Concept

Variable (mathematics)

Summary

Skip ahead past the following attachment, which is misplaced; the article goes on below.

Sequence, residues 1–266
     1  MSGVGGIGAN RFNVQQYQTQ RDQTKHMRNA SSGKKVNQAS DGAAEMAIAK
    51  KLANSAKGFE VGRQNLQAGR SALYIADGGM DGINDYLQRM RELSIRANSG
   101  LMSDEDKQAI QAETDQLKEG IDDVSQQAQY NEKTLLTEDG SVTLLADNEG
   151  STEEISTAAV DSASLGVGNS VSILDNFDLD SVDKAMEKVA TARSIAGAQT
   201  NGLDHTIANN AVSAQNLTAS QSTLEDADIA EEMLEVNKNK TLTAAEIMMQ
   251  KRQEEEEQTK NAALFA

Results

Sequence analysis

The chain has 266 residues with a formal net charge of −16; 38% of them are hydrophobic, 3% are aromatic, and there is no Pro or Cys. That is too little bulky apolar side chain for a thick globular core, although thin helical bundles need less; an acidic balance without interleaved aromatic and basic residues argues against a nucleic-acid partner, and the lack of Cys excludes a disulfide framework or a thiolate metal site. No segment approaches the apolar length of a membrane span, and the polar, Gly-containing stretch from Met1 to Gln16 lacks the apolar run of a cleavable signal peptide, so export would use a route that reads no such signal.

In mathematics, a variable (from Latin variabilis, "changeable") is a symbol that represents a mathematical object. A variable may represent a number, a vector, a matrix, a function, the argument of a function, a set, or an element of a set. Algebraic computations with variables as if they were explicit numbers solve a range of problems in a single computation. For example, the quadratic formula solves any quadratic equation by substituting the numeric values of the coefficients of that equation for the variables that represent them in the quadratic formula. In mathematical logic, a variable is either a symbol representing an unspecified term of the theory (a meta-variable), or a basic object of the theory that is manipulated without referring to its possible intuitive interpretation. In ancient works such as Euclid's Elements, single letters refer to geometric points and shapes. In the 7th century, Brahmagupta used different colours to represent the unknowns in algebraic equations in the Brāhmasphuṭasiddhānta. One section of this book is called "Equations of Several Colours". At the end of the 16th century, François Viète introduced the idea of representing known and unknown numbers by letters, nowadays called variables, and the idea of computing with them as if they were numbers—in order to obtain the result by a simple replacement. Viète's convention was to use consonants for known values, and vowels for unknowns. In 1637, René Descartes "invented the convention of representing unknowns in equations by x, y, and z, and knowns by a, b, and c". Contrarily to Viète's convention, Descartes' is still commonly in use. The history of the letter x in math was discussed in a 1887 Scientific American article. Starting in the 1660s, Isaac Newton and Gottfried Wilhelm Leibniz independently developed the infinitesimal calculus, which essentially consists of studying how an infinitesimal variation of a variable quantity induces a corresponding variation of another quantity which is a function of the first variable.
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